2010s will be Latin America, Caribbean decade
IDB president predicts in new book:
A new book released here by the head of the Inter-American Development Bank (IDB) has argued the 2010s will be the "decade of Latin America and the Caribbean".
In his book, The decade of Latin America and the Caribbean: A real opportunity, IDB president Luis Alberto Moreno argued that, in the coming years, the region's recent gains will be "locked in and the average citizen will be more prosperous than ever before in the history of the hemisphere".
In practical terms, Moreno suggested that if average growth rates remain close to five per cent per year — as has been the case recently — per capita income could double by 2025.
And in its foreword, United States Secretary of State Hilary Clinton described the book as a roadmap for continued progress and a blueprint for the decade, saying Latin America and the Caribbean holds the "power of proximity" in US foreign policy.
The IDB president said such a jump would significantly reduce income inequality "and, hopefully, eradicate once and for all the extreme poverty that still affects one in eight people in Latin America and the Caribbean".
Clinton said the book "addresses both our greatest opportunities and our most acute challenges, from strengthening education, encouraging innovation, and promoting universal opportunity to bolstering democratic institutions and fostering clean growth — what he calls the long list of unfinished business," she said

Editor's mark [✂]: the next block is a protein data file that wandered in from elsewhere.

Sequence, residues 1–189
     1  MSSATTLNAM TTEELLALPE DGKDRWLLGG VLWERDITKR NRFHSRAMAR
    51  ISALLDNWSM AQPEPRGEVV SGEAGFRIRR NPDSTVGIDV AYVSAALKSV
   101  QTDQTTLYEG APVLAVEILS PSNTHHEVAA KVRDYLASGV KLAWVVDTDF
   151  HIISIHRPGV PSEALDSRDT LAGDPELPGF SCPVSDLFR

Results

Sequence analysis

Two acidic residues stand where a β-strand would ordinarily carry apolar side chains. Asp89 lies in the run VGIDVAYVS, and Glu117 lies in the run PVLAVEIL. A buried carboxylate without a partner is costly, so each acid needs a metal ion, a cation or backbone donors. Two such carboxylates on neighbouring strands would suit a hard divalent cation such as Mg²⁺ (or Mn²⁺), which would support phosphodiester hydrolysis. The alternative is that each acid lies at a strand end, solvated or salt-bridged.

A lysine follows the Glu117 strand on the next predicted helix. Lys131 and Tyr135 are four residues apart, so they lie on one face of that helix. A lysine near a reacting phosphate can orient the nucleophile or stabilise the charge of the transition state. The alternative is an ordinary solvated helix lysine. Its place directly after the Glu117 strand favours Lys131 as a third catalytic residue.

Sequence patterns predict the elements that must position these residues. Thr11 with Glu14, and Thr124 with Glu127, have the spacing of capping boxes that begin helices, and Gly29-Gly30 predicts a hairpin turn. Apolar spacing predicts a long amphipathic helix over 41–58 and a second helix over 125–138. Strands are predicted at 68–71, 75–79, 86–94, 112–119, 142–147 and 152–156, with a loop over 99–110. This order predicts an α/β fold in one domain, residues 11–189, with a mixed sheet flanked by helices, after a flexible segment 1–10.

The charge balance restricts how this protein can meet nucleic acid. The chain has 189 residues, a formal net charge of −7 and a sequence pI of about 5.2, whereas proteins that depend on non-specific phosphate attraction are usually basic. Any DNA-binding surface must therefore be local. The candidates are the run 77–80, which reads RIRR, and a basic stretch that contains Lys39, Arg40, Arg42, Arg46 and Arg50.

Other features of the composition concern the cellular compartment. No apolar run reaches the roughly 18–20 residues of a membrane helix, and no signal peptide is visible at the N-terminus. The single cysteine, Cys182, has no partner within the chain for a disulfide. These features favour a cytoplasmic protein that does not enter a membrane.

Moreno has called for a new way of looking at Latin America and the Caribbean, with a perspective that emphasises the region's strengths without neglecting its weaknesses.
He urged that this new look focus on opportunities without ignoring risks
The view of this being the decade of the region, he added, has grown out of dialogues with his colleagues on the executive board of the Washington-based IDB, its professional staff, and high-level officials, businesspeople and academics in the Americas and in other regions he has visited as IDB chief.
"This forecast, notwithstanding, we need to be clear that success is not guaranteed, the conditions in the countries of the region are not homogeneous, and public policies must take into account the distinctive features of each economy," he said. —CMC